6. Aaron Bolin

      Warren Bennis and his colleagues narrate a series of "great group" case studies including Disney, the Manhattan Project, and Bill Clinton's 1992 presidential campaign. The premise behind the book is that great groups share certain characteristics in common that could be replicated to produce other great groups. The book is very well-written, but I started to get bored in the latter chapters. The case studies just weren't that compelling. Overall, I thought the book was a worthwhile read. I would [...]

    7. Amy

      The companies described in this book were all start-ups which brought together incredibly talented and passionate people, and the stories are insightfully told. There are five or six examples (if I remember correctly) of amazing business ventures, some of which became incredible successes (Apple, Skunkworks), and some which were failures (Black Mountain [art] College). This was one of the small handful of valuable books I got from my college education. I found it very interesting and very well w [...]

    8. Derrick Trimble

      The stories that make up the core of this Bennis/Biederman work span twentieth century organizational innovators. The footprint of the leaders and their Great Groups on our business think as well as day-to-day life is encased like a fossilized marker of time. I often wondered while reading how the Great Groups could sustain their creative edge. Each Great Group rose to a call by a leader and delivered their products with total abandon. Picking through the mountain of mental ore of each page, I f [...]

    9. Chris

      The stories in this book make you want to belong to a Great Group - or, if you have been part of a Good or Great Group, brings back memories of a special time. Truly what many would want 'work' to be - fun, focused, really part of the whole, and changing 'something.'For managers or those looking for ways to get teams of very smart and/or very dedicated and/or very focused people to work together, this provides some guidelines about how it really does take all kinds to accomplish big things, and [...]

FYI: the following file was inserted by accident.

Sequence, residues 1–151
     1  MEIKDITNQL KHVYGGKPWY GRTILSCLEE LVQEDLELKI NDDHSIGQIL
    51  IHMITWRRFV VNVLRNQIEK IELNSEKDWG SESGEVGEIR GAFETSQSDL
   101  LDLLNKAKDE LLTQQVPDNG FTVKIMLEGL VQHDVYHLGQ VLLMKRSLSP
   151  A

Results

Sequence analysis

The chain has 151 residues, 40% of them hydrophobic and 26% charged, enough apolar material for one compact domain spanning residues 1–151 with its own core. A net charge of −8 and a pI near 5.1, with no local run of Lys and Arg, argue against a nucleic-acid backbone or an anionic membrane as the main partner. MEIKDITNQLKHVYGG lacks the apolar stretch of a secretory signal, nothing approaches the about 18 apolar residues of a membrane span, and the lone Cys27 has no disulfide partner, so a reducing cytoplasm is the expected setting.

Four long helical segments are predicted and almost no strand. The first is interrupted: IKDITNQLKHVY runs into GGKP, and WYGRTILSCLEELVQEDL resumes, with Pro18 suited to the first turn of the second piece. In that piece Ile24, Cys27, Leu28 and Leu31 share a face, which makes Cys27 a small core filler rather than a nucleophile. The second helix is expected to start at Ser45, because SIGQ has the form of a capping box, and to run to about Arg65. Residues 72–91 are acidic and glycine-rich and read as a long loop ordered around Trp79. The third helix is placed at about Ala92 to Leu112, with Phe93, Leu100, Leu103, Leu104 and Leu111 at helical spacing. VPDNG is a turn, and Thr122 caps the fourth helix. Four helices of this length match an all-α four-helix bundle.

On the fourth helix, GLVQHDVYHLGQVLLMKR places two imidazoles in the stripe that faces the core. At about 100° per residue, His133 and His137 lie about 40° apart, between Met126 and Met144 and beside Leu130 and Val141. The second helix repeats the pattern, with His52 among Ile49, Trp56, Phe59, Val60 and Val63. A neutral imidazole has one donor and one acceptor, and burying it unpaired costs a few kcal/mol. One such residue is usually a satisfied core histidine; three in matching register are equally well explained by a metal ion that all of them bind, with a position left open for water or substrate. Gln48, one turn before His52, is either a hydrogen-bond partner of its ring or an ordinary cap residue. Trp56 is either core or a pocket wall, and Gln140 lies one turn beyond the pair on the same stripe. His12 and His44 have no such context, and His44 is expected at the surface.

10. Devin Partlow

      Really a 3.5, this book does a good job of analyzing specific greats groups for insight into the elements of a great group. The author also does a great job of summarizing the top 15 things you need to make a great group of your own in the end. With that said you have to wonder what came first in the creation of this book, the top 15 things or the selection of great groupsI recommend this book to anyone that wants to do something amazing and is in the process of forming the team to do so.

    11. Curtis

      This was a good book and I've gone back to it many times to re-read a chapter or brush up on a cool factoid. It breaks down some of the countries greatest groups and why they were so great. It reviews the Walt Disney Studios that created Snow White to the Manhattan Project, and many others.

    12. Alyssa Owens

      I would not recommend this book. It has several bad principles in it. I did enjoy a few of his thoughts and principles, but most were very iffy.

    13. Kiersten

      Only good if you're looking for the proof. No real "lessons" structurally laid out, but rather stories of companies/groups etc. that worked together.

    14. Noric Dilanchian

      The final chapter of this book delivers guidance based on the case studies covered by the author. The prior chapters are just preparatory, you almost don't have to read them.

    15. Katherine

      A great look into some of the greatest groups in American history (Disney, PARC, Skunk Works) and what made them tick.